Perspectives on Safety
Narrow Results Clear All
- Communication Improvement 7
- Culture of Safety 5
- Education and Training 3
- Error Reporting and Analysis 11
- Human Factors Engineering 2
- Legal and Policy Approaches 14
- Logistical Approaches 1
- Policies and Operations 1
- Quality Improvement Strategies 12
- Teamwork 3
- Technologic Approaches 1
- Transparency and Accountability 2
- Diagnostic Errors 1
- Fatigue and Sleep Deprivation 1
- Medical Complications 4
- Medication Safety 2
- Nonsurgical Procedural Complications 2
- Psychological and Social Complications 4
- Second victims 1
- Surgical Complications 1
New Insights Into Apology and Disclosure Programs, April 2019
Dr. McDonald is President of the Center for Open and Honest Communication at the MedStar Institute for Quality and Safety, and Adjunct Professor of Law at Loyola University-Chicago School of Law and the Beazley Institute for Health Law and Policy. An internationally recognized patient safety expert, he served as a lead architect for the Communication and Optimal Resolution (CANDOR) toolkit, supported by AHRQ. We spoke with him about lessons learned over the years regarding event reporting and his insights about building and disseminating communication-and-resolution programs.
New Insights Into Apology and Disclosure Programs, April 2019
Dr. Schulz Moore is the Director of Learning and Teaching at the University of New South Wales Faculty of Law and an Associate with the University of New South Wales School of Public Health and Community Medicine. Her research in health law draws from her unique training in public health, law, and health social sciences. We spoke with her about disclosure and apology in health care as well as the intersection between health and legal systems in Australia, New Zealand, and the United States.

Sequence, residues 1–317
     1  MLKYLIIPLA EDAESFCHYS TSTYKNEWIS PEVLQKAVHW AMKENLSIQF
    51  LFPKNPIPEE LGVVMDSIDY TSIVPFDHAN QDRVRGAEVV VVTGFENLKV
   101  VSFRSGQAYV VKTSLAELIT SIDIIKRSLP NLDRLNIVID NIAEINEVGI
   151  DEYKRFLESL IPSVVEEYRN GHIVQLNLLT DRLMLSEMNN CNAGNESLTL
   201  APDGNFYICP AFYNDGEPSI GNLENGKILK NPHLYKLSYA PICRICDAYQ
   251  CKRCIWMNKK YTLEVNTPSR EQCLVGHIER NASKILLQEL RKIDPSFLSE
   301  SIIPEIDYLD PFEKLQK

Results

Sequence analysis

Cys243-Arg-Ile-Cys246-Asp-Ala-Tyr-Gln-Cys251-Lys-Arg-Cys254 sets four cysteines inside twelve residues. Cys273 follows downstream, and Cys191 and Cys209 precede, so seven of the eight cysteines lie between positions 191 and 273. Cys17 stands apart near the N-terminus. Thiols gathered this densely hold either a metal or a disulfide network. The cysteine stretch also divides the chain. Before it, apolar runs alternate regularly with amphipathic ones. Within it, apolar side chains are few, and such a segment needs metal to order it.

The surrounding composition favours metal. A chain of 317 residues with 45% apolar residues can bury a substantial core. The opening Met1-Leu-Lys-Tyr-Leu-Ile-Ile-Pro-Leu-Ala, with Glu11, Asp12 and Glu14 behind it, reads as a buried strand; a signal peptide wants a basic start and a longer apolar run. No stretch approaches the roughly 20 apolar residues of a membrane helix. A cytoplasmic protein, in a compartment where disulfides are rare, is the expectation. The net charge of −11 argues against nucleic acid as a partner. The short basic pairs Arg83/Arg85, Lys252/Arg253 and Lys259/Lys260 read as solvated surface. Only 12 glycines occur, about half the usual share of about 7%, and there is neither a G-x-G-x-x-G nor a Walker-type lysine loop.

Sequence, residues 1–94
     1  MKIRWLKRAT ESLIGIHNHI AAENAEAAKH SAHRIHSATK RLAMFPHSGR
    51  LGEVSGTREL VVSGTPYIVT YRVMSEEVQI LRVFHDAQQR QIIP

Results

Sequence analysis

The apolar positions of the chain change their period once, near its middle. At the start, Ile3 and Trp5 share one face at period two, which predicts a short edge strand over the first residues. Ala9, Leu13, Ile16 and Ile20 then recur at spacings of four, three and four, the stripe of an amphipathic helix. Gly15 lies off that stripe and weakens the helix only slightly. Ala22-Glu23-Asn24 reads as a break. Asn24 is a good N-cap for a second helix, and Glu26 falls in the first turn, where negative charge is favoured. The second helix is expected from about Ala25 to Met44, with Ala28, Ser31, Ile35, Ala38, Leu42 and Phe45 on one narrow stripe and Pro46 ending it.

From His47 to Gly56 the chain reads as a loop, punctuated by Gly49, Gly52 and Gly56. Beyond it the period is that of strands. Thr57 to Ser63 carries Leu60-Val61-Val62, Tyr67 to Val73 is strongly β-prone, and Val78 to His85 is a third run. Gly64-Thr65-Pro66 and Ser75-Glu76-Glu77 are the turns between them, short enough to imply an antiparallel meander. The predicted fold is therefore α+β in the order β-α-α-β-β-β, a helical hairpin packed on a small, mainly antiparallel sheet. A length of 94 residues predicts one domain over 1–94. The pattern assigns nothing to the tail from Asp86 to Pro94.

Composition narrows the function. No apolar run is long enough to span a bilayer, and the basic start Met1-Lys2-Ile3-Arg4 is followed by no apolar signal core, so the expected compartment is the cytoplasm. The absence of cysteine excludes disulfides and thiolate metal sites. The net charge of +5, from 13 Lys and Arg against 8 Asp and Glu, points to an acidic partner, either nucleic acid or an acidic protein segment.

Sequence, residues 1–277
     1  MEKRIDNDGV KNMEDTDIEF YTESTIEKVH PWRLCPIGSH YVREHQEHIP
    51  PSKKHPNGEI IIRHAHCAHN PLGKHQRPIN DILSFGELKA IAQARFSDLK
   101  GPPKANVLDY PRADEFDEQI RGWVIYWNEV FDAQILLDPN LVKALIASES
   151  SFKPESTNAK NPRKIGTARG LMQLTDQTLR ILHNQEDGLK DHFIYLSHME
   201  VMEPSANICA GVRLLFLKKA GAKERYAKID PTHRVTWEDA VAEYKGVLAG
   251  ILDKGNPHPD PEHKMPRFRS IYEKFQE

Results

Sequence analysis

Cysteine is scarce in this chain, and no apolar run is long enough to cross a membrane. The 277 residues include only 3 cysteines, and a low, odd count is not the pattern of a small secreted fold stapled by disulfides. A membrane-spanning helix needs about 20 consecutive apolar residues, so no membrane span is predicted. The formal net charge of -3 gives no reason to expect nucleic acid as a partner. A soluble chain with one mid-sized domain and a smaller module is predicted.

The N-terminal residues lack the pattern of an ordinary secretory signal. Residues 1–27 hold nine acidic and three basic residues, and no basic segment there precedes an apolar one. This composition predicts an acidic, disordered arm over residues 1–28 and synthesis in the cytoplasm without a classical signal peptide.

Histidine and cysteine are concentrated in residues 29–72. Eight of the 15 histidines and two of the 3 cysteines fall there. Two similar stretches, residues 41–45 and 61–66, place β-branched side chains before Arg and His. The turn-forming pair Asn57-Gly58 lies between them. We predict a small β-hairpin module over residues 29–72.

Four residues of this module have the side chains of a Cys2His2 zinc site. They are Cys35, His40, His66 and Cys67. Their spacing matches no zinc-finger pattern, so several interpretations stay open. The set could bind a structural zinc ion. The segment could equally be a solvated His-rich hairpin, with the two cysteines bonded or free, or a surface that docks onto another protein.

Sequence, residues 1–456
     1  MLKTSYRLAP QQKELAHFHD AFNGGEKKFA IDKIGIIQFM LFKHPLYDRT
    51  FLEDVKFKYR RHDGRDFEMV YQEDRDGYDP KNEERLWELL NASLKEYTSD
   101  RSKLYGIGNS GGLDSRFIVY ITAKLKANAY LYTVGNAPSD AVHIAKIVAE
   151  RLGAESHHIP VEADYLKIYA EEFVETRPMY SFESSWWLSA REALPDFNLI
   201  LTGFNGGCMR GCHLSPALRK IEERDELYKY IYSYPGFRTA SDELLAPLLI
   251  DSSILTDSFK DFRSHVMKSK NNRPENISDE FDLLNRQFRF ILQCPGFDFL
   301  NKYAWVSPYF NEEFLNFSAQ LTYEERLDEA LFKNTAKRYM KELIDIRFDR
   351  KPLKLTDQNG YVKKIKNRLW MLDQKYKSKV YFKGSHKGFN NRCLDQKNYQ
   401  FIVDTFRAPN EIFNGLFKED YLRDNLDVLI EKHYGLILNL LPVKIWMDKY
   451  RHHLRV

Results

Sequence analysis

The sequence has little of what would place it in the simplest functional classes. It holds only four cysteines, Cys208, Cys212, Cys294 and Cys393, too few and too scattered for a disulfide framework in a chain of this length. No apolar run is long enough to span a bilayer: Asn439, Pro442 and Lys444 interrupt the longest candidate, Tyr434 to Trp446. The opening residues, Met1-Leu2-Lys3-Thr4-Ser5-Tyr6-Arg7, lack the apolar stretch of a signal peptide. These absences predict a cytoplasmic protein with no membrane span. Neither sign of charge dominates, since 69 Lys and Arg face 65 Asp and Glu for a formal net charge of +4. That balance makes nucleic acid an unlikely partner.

Health System Consolidation and Patient Safety, March 2019
Dr. Haas is an obstetrician–gynecologist and co-Principal Investigator for Ariadne Labs' work focused on health care system expansion. We spoke with her about the trend of health systems getting larger and more integrated, the risks to patient safety, and ways to mitigate these risks.
with commentary by Audrey Lyndon, RN, PhD, 2018
This perspective examines the troubling decline in maternal health outcomes in the United States and summarizes recent national initiatives to improve safety in maternity care.
Lean and Patient Safety, January 2015
Mr. Graban is an internationally recognized expert in Lean Healthcare. We spoke with him about applying Lean in hospitals to improve safety and decrease waste.
with commentary by Paul E. Plsek, MS, Lean and Patient Safety, January 2015
This book excerpt describes how integrating innovation and Lean concepts at Virginia Mason enhances clinical performance and the patient experience.
Global Patient Safety, December 2014
Dr. Kelley, PhD, is Director of Service Delivery and Safety for the World Health Organization (WHO). We spoke with him about his work with WHO and the global impact of the organization on patient safety.
with commentary by Shams B. Syed, MD, MPH, Global Patient Safety, December 2014
This piece describes the evolution of the World Health Organization's African Partnerships for Patient Safety program and its implications for global patient safety improvement.
Overuse as a Patient Safety Problem, September 2014